Last week I was experimenting with a Squid proxy server configuration and trying to see if I can get better performance, I still have a lot to do, but I thought it will be more interesting to publish my configuration and see if someone can take it to the next level and share his experience.
So the goal was to build two proxy node to have distributed workload, the two proxy exchange their cache informations using the ICP protocol (Internet Cache Protocol), this is an UDP based protocol that use UDP port 3130 to exchange data availability between the two or more proxy.
The same Squid proxy configuration is deployed on two host, except for the ip address which are inverted.
So here is the how to:
The installation is quite simple and can be done using the following command (I suppose you are using CentOS/Red Hat):
# yum install squid
After that, we should edit the Squid proxy configuration file to include the following directives
First thing is to specify our access list, this include any authorized host that is allowed to use the Squid proxy server.
acl localnet src 192.168.60.0/24 acl partner src 192.168.60.3/32 acl SSL_ports port 443 acl Safe_ports port 80 # http acl CONNECT method CONNECT # http_access deny !Safe_ports http_access deny CONNECT !SSL_ports # http_access deny all
“partner” is the second proxy host that is participating in the ICP exchange.
Specify the cache directory, the file system type, the size and the structure. In this case it’s an 256GB LV partition.
cache_dir aufs /cache 262144 16 256
I used aufs to avoid I/O locking.
Reserve 1GB of memory to Squid internal usage, this include, frequently used and object in transit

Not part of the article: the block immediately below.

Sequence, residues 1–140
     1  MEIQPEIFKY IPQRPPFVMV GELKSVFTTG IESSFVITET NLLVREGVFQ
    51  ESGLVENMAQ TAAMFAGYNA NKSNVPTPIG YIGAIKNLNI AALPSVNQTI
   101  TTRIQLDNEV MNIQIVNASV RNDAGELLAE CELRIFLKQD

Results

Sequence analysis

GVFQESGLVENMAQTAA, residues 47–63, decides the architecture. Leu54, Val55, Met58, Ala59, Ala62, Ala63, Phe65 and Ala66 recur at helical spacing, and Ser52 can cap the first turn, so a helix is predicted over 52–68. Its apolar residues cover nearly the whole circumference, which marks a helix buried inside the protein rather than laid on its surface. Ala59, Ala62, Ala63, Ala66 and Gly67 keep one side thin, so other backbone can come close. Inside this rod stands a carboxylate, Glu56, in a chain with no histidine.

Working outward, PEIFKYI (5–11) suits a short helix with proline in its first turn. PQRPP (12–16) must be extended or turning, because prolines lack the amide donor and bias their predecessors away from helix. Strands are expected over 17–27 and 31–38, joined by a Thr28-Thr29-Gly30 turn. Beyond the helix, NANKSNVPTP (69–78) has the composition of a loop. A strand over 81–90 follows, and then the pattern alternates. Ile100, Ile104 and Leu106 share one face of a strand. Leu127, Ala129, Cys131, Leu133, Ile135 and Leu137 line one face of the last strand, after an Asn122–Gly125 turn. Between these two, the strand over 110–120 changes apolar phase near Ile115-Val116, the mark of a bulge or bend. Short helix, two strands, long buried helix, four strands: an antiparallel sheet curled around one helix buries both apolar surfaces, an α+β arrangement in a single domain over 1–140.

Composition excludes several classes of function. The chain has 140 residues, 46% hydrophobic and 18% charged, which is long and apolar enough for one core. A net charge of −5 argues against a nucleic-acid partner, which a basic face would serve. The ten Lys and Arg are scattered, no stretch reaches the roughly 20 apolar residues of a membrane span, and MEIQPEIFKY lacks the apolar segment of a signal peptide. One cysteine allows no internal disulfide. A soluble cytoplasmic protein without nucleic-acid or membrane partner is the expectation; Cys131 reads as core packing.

cache_mem 1024 MB
This parameter allow the proxy server to continue downloading the file even if the user canceled it’s request. This allow the proxy to have a partial copy in the case the user requested the object again.
quick_abort_min 1024 KB
Allow to read ahead of the user request, so the proxy have a ready copy of the object.
read_ahead_gap 512 KB
For anonymity, we can use this parameter in the configuration file. This delete the “X-Forwarded-For:” in the HTTP header request.
Specifying this parameter in the Squid configuration file, will allow it to run under the following user.
Here we specify the ICP port, the allowed partner which we have configured using access list and then the cache peer that participate in the ICP exchange.
icp_port 3130 icp_access allow partner cache_peer 192.168.60.4 sibling 3128 3130
Note that if you change the cache storage directory or the log storage location, you should also update the SElinux context file, permission and ownership for those directories.
# chcon –R –t squid_cache_t /cache # chown –R squid:squid /cache
I also modified the iptables configuration to allow only the proxy peer to communicate with each other using the ICP protocol.
iptables -I INPUT 4 -p tcp -m state --state NEW -m tcp --dport 3128 -j ACCEPT iptables -I INPUT 4 -p udp -s 192.168.60.4 -d 192.168.60.3 --sport 3130 --dport 3130 -j ACCEPT
Save the iptable configuration
After the change in the Squid proxy server configuration file, restart the service for change to take effect.
The Squid documentation section offer a complete explanation of all the parameters you can use in your Squid proxy configuration file.